Five steps for an employee-first approach to POPIA

Information integrity and protecting employee information is high on the agenda for remote working

Discussions around the consumer impact of the Protection of Personal Information Act (POPIA) have been taking place for years. Now, with the Act coming into effect on 1 July 2021, it is important to develop a company culture of privacy protection and reinforce the need for information integrity, starting from management level and filtering down.

It is especially valid in a world of remote working and cloud-first approaches for payroll and HR data to be safely stored without the event of it being lost or accidentally deleted, and accessible only to individuals who are authorised to handle it.

All information gathered on employees is strictly to be used according to the intended purpose of collection, unless there is a legal need or permission is granted from the employee themselves to make use of it for other purposes.

Cloud-based HR and payroll solution provider PaySpace provides a simple five-step framework for implementing POPIA from an HR perspective:
1. Appoint an information officer: The first step to compliance is to appoint an information officer or an employee who can act as an  information officer responsible for company and customer information. They are responsible for guiding the organisation through the POPIA process as well as compliance.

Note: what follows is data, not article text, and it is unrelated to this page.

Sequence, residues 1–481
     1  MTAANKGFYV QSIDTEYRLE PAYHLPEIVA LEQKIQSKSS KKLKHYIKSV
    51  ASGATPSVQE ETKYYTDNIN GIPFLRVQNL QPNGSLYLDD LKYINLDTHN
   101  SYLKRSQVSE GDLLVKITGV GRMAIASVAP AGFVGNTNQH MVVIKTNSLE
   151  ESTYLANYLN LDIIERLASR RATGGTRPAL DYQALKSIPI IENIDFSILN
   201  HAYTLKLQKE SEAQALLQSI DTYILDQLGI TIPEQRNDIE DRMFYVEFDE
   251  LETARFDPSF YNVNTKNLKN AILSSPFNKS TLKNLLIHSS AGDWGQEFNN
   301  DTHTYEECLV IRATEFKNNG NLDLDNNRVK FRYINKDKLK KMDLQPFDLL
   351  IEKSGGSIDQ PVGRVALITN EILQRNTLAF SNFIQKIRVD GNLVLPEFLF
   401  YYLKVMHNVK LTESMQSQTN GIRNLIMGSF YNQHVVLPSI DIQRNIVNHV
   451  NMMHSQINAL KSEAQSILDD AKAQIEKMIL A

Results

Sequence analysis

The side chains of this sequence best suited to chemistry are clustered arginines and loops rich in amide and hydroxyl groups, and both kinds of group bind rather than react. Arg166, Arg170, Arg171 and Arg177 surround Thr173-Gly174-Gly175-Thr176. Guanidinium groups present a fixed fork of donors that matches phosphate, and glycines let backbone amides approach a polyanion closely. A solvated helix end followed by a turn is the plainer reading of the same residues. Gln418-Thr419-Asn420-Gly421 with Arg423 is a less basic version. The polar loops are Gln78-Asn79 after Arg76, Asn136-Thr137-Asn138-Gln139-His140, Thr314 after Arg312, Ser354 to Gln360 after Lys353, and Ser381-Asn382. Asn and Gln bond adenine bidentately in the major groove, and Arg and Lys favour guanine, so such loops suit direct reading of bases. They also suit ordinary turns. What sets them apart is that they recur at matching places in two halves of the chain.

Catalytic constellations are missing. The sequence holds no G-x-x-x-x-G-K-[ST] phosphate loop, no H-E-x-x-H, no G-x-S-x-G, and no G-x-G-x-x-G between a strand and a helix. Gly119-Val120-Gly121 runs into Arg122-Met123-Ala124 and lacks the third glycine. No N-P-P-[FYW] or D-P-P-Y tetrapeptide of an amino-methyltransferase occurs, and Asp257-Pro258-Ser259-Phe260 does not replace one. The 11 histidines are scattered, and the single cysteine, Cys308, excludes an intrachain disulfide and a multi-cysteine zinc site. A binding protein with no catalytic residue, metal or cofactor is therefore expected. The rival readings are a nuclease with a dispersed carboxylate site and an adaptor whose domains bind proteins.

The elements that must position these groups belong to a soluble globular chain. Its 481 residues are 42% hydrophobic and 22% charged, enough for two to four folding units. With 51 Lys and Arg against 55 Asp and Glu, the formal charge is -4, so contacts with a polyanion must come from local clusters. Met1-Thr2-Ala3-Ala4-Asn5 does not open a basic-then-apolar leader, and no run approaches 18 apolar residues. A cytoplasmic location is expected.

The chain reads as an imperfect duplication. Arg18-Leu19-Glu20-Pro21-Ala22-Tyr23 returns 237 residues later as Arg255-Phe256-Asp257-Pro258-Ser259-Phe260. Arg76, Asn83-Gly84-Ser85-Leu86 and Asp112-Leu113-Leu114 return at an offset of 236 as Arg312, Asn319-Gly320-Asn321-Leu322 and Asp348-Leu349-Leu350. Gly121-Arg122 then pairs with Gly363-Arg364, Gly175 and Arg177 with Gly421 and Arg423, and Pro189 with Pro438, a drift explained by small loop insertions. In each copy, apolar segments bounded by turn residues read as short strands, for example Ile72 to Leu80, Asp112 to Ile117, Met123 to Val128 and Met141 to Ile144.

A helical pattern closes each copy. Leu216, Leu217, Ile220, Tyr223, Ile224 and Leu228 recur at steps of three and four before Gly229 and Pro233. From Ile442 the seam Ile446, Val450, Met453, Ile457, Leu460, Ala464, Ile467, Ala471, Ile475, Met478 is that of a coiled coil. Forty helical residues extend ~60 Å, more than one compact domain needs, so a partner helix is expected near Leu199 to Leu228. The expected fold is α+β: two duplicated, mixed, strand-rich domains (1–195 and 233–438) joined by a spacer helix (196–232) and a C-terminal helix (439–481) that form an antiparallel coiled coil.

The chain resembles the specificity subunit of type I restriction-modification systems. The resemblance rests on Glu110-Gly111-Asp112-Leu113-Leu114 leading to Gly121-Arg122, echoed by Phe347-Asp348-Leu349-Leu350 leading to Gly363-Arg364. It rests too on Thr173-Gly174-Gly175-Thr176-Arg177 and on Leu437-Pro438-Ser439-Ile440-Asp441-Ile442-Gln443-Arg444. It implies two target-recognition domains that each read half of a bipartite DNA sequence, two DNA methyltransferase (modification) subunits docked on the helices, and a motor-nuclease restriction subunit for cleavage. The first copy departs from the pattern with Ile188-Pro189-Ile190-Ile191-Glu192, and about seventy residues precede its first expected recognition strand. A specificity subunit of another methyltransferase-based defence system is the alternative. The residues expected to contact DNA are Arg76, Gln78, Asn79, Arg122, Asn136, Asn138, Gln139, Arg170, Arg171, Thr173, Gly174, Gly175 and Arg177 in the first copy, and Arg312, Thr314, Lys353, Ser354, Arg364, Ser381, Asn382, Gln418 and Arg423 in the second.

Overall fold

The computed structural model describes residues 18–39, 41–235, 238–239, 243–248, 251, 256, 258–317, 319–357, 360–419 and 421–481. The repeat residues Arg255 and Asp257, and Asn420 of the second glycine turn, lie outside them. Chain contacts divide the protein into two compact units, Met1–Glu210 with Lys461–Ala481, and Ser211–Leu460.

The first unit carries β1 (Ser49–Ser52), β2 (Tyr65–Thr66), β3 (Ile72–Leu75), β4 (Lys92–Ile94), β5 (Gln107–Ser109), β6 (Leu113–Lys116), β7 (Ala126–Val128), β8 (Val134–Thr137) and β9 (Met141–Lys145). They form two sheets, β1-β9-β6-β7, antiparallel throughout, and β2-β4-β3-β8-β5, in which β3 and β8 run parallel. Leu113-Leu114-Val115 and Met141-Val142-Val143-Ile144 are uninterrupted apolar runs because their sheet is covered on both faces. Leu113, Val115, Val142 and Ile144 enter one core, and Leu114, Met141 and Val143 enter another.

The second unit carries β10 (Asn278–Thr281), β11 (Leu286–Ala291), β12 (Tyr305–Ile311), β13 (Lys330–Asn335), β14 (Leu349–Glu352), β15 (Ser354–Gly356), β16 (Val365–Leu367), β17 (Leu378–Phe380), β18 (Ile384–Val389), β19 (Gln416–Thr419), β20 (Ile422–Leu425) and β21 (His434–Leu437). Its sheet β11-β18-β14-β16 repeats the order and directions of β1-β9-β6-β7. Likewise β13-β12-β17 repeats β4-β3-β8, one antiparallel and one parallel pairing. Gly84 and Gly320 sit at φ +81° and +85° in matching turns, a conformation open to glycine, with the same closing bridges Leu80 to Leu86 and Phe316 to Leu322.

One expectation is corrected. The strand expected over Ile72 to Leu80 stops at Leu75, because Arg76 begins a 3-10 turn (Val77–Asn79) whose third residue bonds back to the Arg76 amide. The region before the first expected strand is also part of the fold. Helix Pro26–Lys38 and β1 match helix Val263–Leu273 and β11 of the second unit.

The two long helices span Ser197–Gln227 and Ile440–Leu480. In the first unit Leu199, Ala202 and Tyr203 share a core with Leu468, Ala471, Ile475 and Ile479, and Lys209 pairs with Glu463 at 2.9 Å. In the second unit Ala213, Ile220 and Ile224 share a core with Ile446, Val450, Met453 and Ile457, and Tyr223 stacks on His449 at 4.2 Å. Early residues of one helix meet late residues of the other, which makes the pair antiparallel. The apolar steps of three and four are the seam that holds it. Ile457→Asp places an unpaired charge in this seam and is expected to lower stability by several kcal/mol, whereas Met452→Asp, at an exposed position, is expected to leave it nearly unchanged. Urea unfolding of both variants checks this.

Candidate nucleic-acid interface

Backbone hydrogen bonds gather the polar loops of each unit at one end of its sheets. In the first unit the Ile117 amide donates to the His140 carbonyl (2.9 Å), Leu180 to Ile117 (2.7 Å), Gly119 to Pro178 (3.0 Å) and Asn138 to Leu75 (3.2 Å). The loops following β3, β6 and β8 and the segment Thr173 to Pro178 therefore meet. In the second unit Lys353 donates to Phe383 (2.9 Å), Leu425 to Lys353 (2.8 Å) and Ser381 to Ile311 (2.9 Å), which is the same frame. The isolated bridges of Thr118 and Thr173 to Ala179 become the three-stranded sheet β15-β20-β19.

2. Create awareness and buy-in: Effective compliance can be achieved with the commitment of the entire organisation. Educate employees to understand data privacy and their individual role in compliance.

3. Conduct a personal information impact assessment: When it comes to data collection, it is important to ask and understand the following questions to highlight gaps that exist in the business procedure:

  • What data is collected and how it is collected;
  • The purpose of the data being collected and who collects it;
  • What it is used for and how will it be stored and processed; and
  • How will it be retained and destroyed.

4. Develop or update procedures and policies: Put the impact assessment findings into action by assessing and revising procedures and policies, like:

  • Employment contract changes;
  • Supplier agreement changes;
  • Marketing practices (how data is collected, how consent to store this data is obtained from the owner); and
  • Updating or developing policies like data privacy policies, information security policies, access control policies and data handling policies.

5. Implementation and dedication: The compliance framework must be implemented, monitored and maintained as an ongoing business practice. Management and all employees must adopt and adhere to the steps in order to maintain compliance and avoid fines or even lawsuits in some instances.